The men’s golf scene is as competitive as it’s ever been, with a number of talented players battling to become the world’s top-ranked player. Who is likely to end 2023 as the number one golfer according to the official rankings?
John Rahm – The Current Number One
This Spanish golfer was the number one amateur player for a record 60 weeks before turning pro, and he quickly became the top professional golfer too. He reached the top spot for the first time in mid-2020 and has recently claimed it back from Scottie Scheffler.
With the 2021 US Open and 2023 Masters to his name, Rahm has already shown that he has the mentality and talent to win major tournaments. Only the second golfer from Spain to be world number one, after Seve Ballesteros, Rahm became the fourth Spaniard to win the Masters but the first European to claim both the Masters and the US Open.
That Masters victory that catapulted him back into the number one spot came when he was forced to play 30 holes on the final day after bad weather had caused a backlog. He eventually won the title by four strokes, with a final round of 69 putting him four strokes ahead of Brooks Koepka and Phil Mickelson.
New Jersey-born Scheffler was ranked the number one men’s golfer for 35 weeks over three different spells, with the last one ending with Rahm’s victory in the 2023 Masters. He took the top spot for the first time in March 2022, and it wouldn’t be a major surprise to see him take back the title at some point before 2023 ends.
His sole major championship wins to date came in the 2022 Masters, when he finished with a final round of 71 to win by a total of three strokes from Rory McIlroy. His other biggest win came in the 2023 Players Championship.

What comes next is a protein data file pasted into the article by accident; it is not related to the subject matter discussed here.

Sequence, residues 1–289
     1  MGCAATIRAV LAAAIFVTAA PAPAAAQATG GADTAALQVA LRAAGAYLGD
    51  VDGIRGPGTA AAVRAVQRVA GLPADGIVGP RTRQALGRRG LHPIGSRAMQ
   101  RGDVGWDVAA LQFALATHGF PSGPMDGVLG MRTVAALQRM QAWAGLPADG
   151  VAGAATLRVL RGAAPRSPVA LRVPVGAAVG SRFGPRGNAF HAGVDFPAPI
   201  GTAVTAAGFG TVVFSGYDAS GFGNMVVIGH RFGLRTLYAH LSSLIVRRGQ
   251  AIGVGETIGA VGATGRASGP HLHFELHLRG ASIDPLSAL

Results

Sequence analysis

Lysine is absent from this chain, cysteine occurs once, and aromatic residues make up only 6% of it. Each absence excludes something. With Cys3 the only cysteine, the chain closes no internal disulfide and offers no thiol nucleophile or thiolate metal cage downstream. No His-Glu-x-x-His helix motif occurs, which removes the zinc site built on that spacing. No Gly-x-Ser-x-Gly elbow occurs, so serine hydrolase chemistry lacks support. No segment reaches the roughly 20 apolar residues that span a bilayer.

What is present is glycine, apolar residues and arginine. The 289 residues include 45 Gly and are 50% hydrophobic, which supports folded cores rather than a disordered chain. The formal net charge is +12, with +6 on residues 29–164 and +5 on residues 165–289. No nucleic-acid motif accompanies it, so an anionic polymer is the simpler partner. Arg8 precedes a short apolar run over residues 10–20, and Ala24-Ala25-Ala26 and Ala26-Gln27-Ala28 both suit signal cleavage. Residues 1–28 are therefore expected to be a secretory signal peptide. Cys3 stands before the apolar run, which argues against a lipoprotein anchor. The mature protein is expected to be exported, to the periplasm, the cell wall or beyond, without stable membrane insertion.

A golfer since the age of three, Scheffler was hugely successful at youth level before playing at collegiate level with the University of Texas. He was Rookie of the Year in his first season on the PGA Tour, with highlights including a round of 59 at The Northern Trust tournament and finishing fourth at the 2020 PGA Championship
He moved up to world number one after starting 2022 with three tournament wins before claiming the Masters. Scheffler became only the fifth golfer in history to win the Masters while being the number one in the rankings.
Born in Northern Ireland, Rory McIlroy burst onto the pro scene by winning €10 million in prize money by the age of 22. He was quickly ranked alongside global superstars in other sports as one of the most marketable players on the planet as he won numerous tournaments.
In terms of the number one sport, McIlroy has now spent over 100 weeks at the top of the list. His last period at the top of the sport came between October 2022 and February 2023, before he was overtaken by Scheffler.
McIlroy has collected four major championships in his career to date, starting with the US Open in 2011 and ending with the 2014 PGA Championship, all of which he won at the age of 25. That final major win came by a single stroke over Phil Mickelson, with a par on the final hole enough to confirm his win, and it could be argued that he should have won more majors during this golden spell in his career.